The Trident had a triplex safety system, with three hydraulic and three electrical systems, including three autopilots, each driven by an engine. The Trident was the first airliner designed specifically to have the eventual ability to land automatically, allowing it to operate into airports with zero decision height and zero visibility. The first stage in the development of this ‘Autoland’ ability was called ‘Autoflare’, which involved the autopilot performing the flare-out through automatic control of airspeed, throttles, pitch and thrust retard, while the pilot kept the aircraft lined up with the runway through the use of the ailerons. The Autoland system involved the autopilot coupling with an airport’s Instrument Landing System (ILS) for runway alignment and glide slope guidance, with the autopilot taking full control of the landing.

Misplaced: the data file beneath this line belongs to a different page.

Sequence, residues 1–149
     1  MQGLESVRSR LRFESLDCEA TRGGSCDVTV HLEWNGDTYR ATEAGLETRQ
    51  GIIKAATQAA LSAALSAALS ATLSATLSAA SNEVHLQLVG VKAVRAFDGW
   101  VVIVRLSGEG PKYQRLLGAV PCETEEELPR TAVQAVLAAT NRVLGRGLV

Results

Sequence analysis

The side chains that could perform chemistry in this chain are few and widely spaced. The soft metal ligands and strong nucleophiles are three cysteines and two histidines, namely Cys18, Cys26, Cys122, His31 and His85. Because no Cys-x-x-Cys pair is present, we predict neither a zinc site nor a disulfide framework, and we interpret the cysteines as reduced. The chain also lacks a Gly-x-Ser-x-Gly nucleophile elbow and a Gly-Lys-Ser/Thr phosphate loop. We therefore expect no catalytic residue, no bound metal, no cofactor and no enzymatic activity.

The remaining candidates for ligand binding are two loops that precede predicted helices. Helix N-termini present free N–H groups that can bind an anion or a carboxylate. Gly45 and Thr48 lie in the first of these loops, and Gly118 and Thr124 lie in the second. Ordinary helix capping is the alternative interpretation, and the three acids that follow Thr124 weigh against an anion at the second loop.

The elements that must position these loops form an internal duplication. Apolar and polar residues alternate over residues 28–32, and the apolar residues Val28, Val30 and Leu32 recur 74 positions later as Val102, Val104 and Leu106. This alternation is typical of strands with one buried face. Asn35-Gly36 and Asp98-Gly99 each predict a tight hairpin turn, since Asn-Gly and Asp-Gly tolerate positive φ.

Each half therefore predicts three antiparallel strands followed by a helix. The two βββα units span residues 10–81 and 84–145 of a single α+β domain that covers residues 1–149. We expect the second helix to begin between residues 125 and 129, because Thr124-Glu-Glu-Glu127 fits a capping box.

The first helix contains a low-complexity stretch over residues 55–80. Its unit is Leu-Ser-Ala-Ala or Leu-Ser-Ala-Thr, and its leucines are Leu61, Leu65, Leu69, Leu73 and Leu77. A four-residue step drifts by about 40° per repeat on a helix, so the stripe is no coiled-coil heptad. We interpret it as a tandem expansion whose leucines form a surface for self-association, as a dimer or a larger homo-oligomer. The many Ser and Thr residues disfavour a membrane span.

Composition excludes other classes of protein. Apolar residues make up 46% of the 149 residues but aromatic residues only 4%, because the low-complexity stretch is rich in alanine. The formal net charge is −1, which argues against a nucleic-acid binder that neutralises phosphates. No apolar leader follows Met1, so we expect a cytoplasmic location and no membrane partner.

Trident 1C: the first variant to be built, with a length of 114ft 9in (34.98m), wingspan of 89ft 10in (27.38m) and powered by three Rolls-Royce Spey 505 engines, each providing 10,410lb of thrust. The Trident 1C could accommodate 98-109 passengers, depending on the seating configuration, and had a range of 1,010nm (1,870km). Twenty-four 1C variants were built, all for BEA, although only 23 aircraft were delivered with one aircraft crashing during a test flight.